Deus Ex Machina

cos-01-miranda-kerr-november-deOne of the most powerful insights I’ve heard regarding the nature of worship is that our worship is transformative; in effect, we become like what we worship. 

G.K. Beale, who authored a book with a similar title, puts it this way: “What people revere, they resemble, either for ruin or for restoration.” This concept has made its way through my mind quite often over the past few years, and I continue to dwell on its real-time implications in our modern culture.

I am currently teaching through Sir Gawain and the Green Knight with my British Literature students. Sir Gawain is a medieval poem that follows the challenges and trials of one of King Arthur’s most noble knights as he seeks to prove himself worthy of honor. As I’ve been rereading through the story, I have found myself quite struck by a particular quality of Sir Gawain’s quest. On the outside of his shield, the side he brandishes in the face of combat, is a pentangle, a five-angled star that symbolizes the ideal perfection and exaltation of a true knight. The chivalrous knight par excellence is brave, good, chaste, loyal, and unerring in his manner and conduct; he is the paragon of medieval society. The only problem is that behind the knight’s armor stands a mere man – utterly unable to achieve such a standard of perfection.

This notion of expectation vs. reality cuts deep to the bone of our American society. For example, I have encountered a number of young ladies in my classes over the years who are beside themselves trying frantically to reach the bar of feminine beauty and fashion that they feel our media culture has thrust on their small shoulders. “Whatever it takes to look like her” has become their mantra, “accept me!” their daily cry. And so, as an inevitable result, we have waves of girls dragging the ghosts of self-loathing, inadequacy, and shame down the halls. We have girls pushed toward seduction with their hearts stitched tight in straitjackets. In short, we have girls who are told to reveal as much and as little as they can – show your skin, hide your scars.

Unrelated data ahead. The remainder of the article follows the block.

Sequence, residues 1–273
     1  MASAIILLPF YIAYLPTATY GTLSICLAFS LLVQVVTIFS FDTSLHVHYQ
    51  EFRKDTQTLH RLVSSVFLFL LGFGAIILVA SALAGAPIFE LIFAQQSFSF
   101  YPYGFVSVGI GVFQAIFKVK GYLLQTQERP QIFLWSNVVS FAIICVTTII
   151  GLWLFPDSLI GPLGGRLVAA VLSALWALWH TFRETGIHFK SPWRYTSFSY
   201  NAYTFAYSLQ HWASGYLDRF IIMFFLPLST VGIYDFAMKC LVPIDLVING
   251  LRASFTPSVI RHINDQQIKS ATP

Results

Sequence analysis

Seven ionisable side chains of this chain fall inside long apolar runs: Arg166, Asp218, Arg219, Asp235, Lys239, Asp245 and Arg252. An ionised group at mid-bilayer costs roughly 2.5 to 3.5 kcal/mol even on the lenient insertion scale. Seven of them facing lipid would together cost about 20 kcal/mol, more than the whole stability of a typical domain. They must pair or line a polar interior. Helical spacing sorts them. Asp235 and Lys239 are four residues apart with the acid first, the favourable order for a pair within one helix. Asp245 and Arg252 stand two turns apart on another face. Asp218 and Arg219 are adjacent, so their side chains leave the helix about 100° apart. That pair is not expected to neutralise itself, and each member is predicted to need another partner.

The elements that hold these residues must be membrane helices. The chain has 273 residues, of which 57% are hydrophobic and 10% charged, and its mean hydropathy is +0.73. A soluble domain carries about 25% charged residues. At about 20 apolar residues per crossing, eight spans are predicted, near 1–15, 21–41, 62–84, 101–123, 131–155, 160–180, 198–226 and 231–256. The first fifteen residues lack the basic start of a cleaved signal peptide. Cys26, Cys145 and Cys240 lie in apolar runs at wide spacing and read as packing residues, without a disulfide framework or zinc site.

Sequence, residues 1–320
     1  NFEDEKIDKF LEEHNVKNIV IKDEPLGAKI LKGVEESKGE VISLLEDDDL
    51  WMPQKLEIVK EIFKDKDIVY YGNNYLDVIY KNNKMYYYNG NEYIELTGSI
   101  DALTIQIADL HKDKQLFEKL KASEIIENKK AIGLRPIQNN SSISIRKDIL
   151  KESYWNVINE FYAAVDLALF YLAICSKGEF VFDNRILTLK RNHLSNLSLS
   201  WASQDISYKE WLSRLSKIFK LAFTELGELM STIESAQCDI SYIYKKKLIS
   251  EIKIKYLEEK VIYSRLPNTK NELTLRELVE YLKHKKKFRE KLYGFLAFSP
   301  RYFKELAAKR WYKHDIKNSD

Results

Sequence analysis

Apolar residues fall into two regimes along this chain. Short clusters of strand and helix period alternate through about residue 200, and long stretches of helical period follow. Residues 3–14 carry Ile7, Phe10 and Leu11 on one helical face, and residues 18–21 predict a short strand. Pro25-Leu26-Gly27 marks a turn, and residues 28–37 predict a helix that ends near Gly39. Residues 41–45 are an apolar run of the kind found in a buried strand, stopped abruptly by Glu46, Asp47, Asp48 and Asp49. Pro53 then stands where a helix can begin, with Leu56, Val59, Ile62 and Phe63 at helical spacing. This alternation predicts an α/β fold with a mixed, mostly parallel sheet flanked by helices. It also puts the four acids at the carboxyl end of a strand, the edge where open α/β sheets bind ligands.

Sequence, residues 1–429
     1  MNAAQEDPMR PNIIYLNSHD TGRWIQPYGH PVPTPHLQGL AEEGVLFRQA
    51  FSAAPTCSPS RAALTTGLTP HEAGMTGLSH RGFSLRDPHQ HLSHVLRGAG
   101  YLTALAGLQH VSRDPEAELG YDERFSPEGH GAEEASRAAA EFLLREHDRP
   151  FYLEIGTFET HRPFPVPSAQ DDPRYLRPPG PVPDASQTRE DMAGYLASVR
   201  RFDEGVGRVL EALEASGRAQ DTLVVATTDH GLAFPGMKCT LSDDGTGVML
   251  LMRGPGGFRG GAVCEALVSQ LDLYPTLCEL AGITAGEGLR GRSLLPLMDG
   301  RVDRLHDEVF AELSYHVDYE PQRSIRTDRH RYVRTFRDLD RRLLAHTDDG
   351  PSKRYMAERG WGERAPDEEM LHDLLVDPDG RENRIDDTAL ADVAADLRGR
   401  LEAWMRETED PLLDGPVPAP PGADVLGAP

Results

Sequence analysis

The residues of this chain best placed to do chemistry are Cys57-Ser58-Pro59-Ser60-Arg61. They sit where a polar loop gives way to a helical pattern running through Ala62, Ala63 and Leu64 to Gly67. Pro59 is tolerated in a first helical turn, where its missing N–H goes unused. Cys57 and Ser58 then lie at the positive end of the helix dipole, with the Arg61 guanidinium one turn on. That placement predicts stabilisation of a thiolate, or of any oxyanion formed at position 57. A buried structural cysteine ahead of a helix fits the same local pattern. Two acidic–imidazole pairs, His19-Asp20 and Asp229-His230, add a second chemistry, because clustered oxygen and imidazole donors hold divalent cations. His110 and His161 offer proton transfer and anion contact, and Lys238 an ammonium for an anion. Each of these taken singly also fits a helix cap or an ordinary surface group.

Prodded by the flood of advertising and celebrity mania, these young ladies are being converted to a hollow religion, a new devotion towards thousands of graven images carved on our magazine covers, spreading the lie that these are the women that girls ought to look like. But in our heart we know they are no longer really women; they are our feminine form of the deus ex machina – goddesses out of machines. Mangled by the digital scalpel, processed through the filters of Photoshop, airbrushing, and cosmetic overload, these women in the spotlight have become mere echoes, shadows of their true humanity. They are a part of a smoke-and-mirrors gimmick, a ruse. I can almost hear the Wizard now: “Pay no attention to the man behind the curtain!”

Yet, the principle remains: we become like what we worship (Ps. 115:8). We reflect what we behold (2 Cor. 3:18). Contrary to what they are told, these young ladies pining for acceptance and worth by straining to look like cover girls are not becoming more beautiful; they are becoming less human. They are worshipping an image of edited humanity, images of women scrubbed of their flaws. This ache to see oneself as, and ultimately become, utterly flawless is a consequence of the primal temptation to be God. We are running Eden on repeat, reaching to take and eat of the fruit with every glance at the mirror.